It has been a while since I wrote about home. This next place, was one of my favorites and one place where I have to go again, and again…and again.
I was so lucky that my childhood friend, Eva and her family took me out to the country side for a day trip…to a place called Cerro Verde. I still cannot thank Eva and her family enough – they took me in like a daughter and put up with me for so long. Gracias Eva otra vez por todo – por tu cariño y amor y amistad!
Cerro means something similar to ‘hill’ in English – Verde means ‘green’. So literally, we went to the green hill. However! This hill used to be a volcano – and now it is a very old dormant volcano, turned national park. The beautiful thing is, around Cerro Verde are I think 2 other volcanoes. One is the Izalco, and the other the Santa Ana. Both are dormant, but I think Izalco stopped puffing smoke in the late 90’s (last eruption was 1966 I think). It had the nickname of El Faro del Pacifico – The Lighthouse of the Pacific. One funny fact that I should mention, a private developer or the government (can’t remember who it was???) but somebody built a resort in Cerro Verde, with a beautiful view of Izalco. The funny thing is, the day of the opening of this resort, was the day that it stopped puffing. Ironic no?
Anyway, back to the trip. The drive was a little bumpy at times, since the regional communities usually don’t have the money to maintain them – and the government doesn’t always help – but it was fun! On the way there we drove past sugar cane plantations, beans plantations, coffee plantations…some of the main exports. We did drive past the corn plantations (which are planted with the beans, they each provide support for each other from my understanding), but the shoots were just coming out. There were many farmers working on their land, kids walking to school (it was around 9am when we drove past the villages). There were also many people on the side of the street selling fruit or food for drivers, tourists etc. I did buy jocotes a few times (not on this trip though). I die for jocotes – it’s a small fruit part of the cashew family. It is sweet and delicious – you might as well look it up because I won’t be able to describe it. Just look it up.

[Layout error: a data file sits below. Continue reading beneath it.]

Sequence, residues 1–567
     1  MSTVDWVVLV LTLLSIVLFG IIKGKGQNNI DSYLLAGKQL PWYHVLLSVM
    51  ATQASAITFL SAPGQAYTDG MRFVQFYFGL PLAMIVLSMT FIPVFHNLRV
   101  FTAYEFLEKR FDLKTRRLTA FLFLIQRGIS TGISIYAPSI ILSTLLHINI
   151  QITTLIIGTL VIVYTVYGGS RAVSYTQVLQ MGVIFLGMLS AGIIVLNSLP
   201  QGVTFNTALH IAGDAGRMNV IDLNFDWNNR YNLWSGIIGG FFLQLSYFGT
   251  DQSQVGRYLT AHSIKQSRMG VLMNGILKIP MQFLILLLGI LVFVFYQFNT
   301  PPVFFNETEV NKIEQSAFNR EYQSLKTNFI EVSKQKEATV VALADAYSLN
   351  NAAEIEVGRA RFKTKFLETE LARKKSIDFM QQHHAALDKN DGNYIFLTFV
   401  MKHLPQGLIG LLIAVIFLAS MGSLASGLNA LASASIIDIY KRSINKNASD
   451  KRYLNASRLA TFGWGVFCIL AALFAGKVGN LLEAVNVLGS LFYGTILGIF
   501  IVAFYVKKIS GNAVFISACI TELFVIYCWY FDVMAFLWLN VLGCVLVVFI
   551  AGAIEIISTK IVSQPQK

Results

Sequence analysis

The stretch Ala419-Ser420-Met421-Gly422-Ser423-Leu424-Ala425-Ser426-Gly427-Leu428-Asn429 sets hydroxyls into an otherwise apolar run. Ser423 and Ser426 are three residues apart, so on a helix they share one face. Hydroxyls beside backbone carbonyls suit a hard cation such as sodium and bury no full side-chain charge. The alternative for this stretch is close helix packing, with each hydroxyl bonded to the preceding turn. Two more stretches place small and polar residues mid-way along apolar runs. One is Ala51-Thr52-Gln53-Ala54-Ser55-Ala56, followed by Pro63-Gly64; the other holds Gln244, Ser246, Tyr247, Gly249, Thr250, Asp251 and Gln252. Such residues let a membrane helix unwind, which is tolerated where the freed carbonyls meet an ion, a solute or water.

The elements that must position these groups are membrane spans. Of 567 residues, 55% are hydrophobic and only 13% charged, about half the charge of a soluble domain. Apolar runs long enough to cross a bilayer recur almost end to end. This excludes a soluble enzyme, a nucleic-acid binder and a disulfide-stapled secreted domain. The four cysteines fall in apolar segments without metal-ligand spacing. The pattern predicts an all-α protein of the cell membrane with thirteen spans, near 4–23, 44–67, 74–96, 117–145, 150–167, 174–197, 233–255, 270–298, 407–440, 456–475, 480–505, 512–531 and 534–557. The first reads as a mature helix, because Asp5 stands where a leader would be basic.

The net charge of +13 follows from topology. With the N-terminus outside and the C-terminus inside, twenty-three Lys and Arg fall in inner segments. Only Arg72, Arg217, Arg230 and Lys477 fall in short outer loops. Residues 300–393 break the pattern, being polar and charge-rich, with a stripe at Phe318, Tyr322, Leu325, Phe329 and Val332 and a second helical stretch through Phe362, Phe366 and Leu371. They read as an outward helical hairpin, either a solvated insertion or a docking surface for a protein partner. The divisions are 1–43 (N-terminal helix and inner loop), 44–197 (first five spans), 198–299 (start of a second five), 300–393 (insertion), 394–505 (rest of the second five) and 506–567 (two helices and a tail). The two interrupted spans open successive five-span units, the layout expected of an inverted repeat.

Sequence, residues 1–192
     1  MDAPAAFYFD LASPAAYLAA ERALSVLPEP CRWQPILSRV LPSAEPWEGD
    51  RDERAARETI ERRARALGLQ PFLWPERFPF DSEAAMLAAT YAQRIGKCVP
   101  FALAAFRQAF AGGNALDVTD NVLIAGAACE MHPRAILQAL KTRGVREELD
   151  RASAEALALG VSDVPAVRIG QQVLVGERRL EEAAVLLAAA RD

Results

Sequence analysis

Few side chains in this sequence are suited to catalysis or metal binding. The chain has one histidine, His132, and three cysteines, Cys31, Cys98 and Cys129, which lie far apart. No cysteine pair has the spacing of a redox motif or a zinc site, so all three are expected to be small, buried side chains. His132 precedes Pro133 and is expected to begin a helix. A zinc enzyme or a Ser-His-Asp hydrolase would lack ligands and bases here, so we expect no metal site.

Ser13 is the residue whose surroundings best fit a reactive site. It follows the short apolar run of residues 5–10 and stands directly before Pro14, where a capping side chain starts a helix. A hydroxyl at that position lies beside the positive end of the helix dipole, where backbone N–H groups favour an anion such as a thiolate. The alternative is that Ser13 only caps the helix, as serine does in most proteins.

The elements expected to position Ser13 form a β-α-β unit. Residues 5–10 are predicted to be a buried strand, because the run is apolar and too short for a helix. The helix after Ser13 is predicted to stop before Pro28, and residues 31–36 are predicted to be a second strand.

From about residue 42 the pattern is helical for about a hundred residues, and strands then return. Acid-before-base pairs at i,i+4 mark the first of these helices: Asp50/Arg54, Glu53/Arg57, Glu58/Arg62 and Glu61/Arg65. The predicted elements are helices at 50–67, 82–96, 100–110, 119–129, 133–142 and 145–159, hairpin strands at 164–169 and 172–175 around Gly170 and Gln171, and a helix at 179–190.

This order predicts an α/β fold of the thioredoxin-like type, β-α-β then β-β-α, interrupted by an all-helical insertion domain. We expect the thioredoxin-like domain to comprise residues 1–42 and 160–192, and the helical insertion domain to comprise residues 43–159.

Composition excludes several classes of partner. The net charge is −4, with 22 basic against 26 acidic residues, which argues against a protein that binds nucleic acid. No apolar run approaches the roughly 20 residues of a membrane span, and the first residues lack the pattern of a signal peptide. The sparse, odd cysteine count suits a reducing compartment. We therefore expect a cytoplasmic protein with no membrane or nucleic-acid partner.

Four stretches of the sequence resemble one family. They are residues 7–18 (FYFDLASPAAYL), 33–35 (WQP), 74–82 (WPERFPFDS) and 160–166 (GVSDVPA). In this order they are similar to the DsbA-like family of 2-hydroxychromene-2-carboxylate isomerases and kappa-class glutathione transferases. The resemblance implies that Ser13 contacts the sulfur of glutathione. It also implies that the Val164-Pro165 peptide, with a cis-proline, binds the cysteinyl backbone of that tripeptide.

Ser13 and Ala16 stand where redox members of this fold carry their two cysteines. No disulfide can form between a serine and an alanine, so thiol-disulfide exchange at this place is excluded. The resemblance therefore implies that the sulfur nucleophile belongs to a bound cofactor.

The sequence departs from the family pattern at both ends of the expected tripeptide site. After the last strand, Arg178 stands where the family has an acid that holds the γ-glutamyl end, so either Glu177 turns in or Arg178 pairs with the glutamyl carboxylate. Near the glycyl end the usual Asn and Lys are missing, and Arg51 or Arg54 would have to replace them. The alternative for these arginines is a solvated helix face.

We got there relatively early in the day, but still not early enough if you wanted to hike Izalco. It’s a 6hour trip there and back. If I had known that this was possible, I would have left at 4am to be the first up there – but not to worry, next time!
We did the usual walking trails, checked out the deserted resort, took some photos and had a snack. We waited until the guides were available to do the tour of the Cerro. The tours are done by the local guides, usually teenagers working to help their families get through. Most of them are currently completing some sort of Botanical or Agricultural study, and the money that they get from tips, is what they keep (I gave my tour guide 7USD – which over there is a lot. I felt horrible if I had put him in some danger, as some people are desperate enough to steal for that amount). He was pretty good – even asked the audience questions about the type of habitat etc. in the surroundings. He was a smart kid!
As part of the tour, you went around the Cerro obviously, but you reach a lookout where you can see the Santa Ana volcano. This one is a little ‘flatter’ and people go hiking on this one too. There were a few people up there when we were at the lookout.
After the hour tour, we went back and had some lunch. There is a little kiosk that apparently is run by a woman and her daughter (and now her granddaughters), who cook all kinds of traditional foods. Because I cannot resist pupusas (look it up people), I had a couple of them. We also bought some beef soup, home made potato chips, empanadas de plantano (plantano = cooking banana, the large banana…look it up), tortillas with salt and lemon and I think we had coke for a drink. Absolutely delicious. The food is cheap, but totally worth it. And you know that the money goes back to running the place and keeping these wonderful ladies in business. I couldn’t move after we finished eating.
Now, just to mention something important. The place is protected all day by national guards. Unfortunately, because of the gang problem in ESA, a lot of the area has been vandalized by gangs or just random people who have no respect for their environment. I am not kidding when I say that there were 3 armed guards standing by the main park entrance with assault rifles in their hands. The locals and the nationals are used to it. For me, haven’t been home in 17 years, it was a bit surprising, but not shocking. Good on them for looking out for their people and their home.
Anyway, on the drive home, we decided to stop by another Mirador – or look-out. From a certain spot on Cerro Verde, you can see the lake of Coatepeque. I loved this lake – it’s just so clear, huge and beautiful. So at the mirador we could see it clearly. I hope you see what I mean…
On the way down from the mountains, I was even allowed to ride in the back of the pick-up (that’s an ute for the Australians). It’s legal over there – no big deal. Although it was for me because I hadn’t been in the back of a truck in a long time! I was so excited, but I admit I ended up with a sore bum from the bumpy road. Totally worth it though.
Hopefully sometime soon I get to do it all over again 😉